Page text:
the power of food and potential of people: a visit from robert egger

the power of food and potential of people: a visit from robert egger

Earlier this month Robert Egger—Founder and President of L.A. Kitchen—dropped by our offices in Seattle for a visit. Over a tequila and tonic (his signature drink, for anyone who might be hosting him soon), he talked to our team about a lot of things—from economic sexism and the expanding constructs of what it means to be a refugee, to nutritional imperialism and aging. What struck me most is the number of issues Robert and his organization are addressing through their work, including “lovingly disrupting senior meals.”

Food waste, unemployment, poverty, senior nutrition—these are all treated as “solvable issues” within the L.A. Kitchen ecosystem. Considering the number of organizations focused on addressing any of these single issues, it’s especially impressive to see how L.A. Kitchen is addressing them all as part of one interconnected system.

They reclaim nutritious, local food that would otherwise be discarded (primarily due to cosmetic issues); provide culinary training to men and women (most whom are coming out of foster care or the criminal justice system) who turn those ingredients into healthy, delicious meals; then distribute those meals to social service agencies serving the city’s most vulnerable, particularly low-income seniors, who are so often provided with processed foods. It’s an impressive cycle all aimed at “ensuring that neither food nor people go to waste,” and one that was noticed by the AARP Foundation, who awarded them a founding grant of $1 million, the largest single AARP grant in its history.

Tapping into the power of food and potential of people, I’d say Robert is disrupting more than just senior meals. L.A. Kitchen has also started a for-profit subsidiary—Strong Food—which will compete for food service contracts, employ graduates of the organization’s training program, and ultimately support L.A. Kitchen to be self-sustaining. That’s important to Robert not just from a financial perspective, but from an advocacy perspective as well. Too often the organizations best positioned to advocate for policy changes are prevented from doing so because of their funding models (most grants specifically state that funding cannot be used for advocacy) or their 501(c)3 status.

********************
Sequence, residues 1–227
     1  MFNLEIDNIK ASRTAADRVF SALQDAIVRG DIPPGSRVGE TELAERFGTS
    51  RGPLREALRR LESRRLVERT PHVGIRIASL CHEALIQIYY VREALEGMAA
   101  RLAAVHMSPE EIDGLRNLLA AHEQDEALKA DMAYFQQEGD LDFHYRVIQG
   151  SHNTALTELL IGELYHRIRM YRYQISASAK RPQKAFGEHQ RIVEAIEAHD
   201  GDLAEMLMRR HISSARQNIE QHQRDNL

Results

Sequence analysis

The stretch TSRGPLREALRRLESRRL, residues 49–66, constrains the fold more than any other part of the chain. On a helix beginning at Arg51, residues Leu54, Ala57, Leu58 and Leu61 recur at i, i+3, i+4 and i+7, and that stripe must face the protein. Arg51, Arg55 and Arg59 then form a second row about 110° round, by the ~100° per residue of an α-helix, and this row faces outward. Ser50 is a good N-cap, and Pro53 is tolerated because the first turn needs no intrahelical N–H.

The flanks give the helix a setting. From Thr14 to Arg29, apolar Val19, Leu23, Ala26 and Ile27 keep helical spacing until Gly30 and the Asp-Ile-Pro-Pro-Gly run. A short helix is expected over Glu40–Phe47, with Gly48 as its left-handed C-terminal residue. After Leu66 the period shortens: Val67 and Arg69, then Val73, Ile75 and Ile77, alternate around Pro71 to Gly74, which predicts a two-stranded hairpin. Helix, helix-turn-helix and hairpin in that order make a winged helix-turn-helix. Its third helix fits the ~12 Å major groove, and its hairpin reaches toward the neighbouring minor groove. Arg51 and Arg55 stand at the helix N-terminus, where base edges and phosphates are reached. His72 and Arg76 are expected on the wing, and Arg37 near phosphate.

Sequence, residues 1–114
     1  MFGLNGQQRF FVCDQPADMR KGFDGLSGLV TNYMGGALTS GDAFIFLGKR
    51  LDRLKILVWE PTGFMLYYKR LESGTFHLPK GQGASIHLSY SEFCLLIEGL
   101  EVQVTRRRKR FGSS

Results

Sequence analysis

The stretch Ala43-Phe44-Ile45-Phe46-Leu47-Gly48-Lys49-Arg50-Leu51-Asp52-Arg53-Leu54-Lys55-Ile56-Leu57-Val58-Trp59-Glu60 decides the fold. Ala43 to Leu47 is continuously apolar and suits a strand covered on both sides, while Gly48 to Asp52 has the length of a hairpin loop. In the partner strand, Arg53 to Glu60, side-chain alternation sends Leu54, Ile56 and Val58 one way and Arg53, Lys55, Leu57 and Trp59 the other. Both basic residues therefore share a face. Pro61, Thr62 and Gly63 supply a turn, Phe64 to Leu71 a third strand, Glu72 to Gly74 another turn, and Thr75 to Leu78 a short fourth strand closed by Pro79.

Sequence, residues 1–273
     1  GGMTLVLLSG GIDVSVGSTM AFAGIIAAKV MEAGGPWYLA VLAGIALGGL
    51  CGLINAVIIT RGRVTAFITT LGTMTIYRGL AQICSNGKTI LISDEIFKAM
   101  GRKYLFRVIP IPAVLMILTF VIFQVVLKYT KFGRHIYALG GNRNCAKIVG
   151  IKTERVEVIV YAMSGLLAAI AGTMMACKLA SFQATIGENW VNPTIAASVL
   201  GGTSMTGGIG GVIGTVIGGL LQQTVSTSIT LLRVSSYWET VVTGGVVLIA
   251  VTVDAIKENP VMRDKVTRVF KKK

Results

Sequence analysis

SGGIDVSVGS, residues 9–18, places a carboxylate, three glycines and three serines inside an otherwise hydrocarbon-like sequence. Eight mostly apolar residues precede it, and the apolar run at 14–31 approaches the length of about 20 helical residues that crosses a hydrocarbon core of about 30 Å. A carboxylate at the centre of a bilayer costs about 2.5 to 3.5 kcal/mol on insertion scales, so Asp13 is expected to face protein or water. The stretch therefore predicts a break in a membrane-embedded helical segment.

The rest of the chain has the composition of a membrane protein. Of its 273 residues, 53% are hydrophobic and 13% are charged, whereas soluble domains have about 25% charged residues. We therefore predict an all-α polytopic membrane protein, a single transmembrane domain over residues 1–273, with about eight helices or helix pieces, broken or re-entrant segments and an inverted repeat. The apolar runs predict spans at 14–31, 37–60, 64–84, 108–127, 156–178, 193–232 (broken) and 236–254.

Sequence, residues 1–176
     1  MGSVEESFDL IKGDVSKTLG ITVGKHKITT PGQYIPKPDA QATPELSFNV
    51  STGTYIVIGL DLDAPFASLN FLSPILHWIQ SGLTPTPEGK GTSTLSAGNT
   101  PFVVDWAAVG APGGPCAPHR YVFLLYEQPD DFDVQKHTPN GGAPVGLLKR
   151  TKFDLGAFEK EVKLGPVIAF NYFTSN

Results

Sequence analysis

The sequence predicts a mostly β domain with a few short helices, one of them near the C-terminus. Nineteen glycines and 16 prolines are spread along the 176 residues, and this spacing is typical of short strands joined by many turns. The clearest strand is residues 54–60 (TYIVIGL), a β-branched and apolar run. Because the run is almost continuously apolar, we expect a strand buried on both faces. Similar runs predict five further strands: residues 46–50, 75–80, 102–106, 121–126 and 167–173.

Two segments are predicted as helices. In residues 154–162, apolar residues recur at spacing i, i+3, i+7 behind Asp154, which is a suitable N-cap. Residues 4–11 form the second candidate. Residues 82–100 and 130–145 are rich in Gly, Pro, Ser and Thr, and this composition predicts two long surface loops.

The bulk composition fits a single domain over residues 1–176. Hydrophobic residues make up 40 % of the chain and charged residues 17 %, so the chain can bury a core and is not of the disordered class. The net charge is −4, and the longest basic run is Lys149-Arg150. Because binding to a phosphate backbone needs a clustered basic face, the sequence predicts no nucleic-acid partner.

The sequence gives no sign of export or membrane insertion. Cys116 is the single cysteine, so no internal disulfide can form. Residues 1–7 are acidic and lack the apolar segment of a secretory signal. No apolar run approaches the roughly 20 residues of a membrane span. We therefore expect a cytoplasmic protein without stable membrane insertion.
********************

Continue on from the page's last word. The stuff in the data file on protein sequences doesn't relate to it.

I’ve seen the power of culinary training programs with my own eyes–someone close to me, who’s faced their share of challenges, is currently enrolled (and thriving) in one—but L.A. Kitchen takes this to a whole new level, in a way that truly inspires my farmer’s-market-shopping-foodie heart. If you ever have a chance to meet Robert Egger or hear him speak, do. And be sure to check out the amazing work that L.A. Kitchen and D.C. Central Kitchen (the organization Robert founded and ran for 25 years before heading to Los Angeles) are doing.

 

the water we swim in

the water we swim in

We recently passed Nicholas Kristof and Sheryl WuDunn’s new book A Path Appears around the office. From the publisher: “With scrupulous research and on-the-ground reporting, the authors assay the art and science of giving, determine some of today’s most successful local and global initiatives to fight inequality, and evaluate particularly effective forms of help such as early childhood education.” As we took turns reading the book and flipped those final pages, we were each struck by different chapters. This post is the second in a series inspired by the book. Read the first post.

Josué:

After reading A Path Appears, this was the quote that really sunk its teeth into me and wouldn’t let go: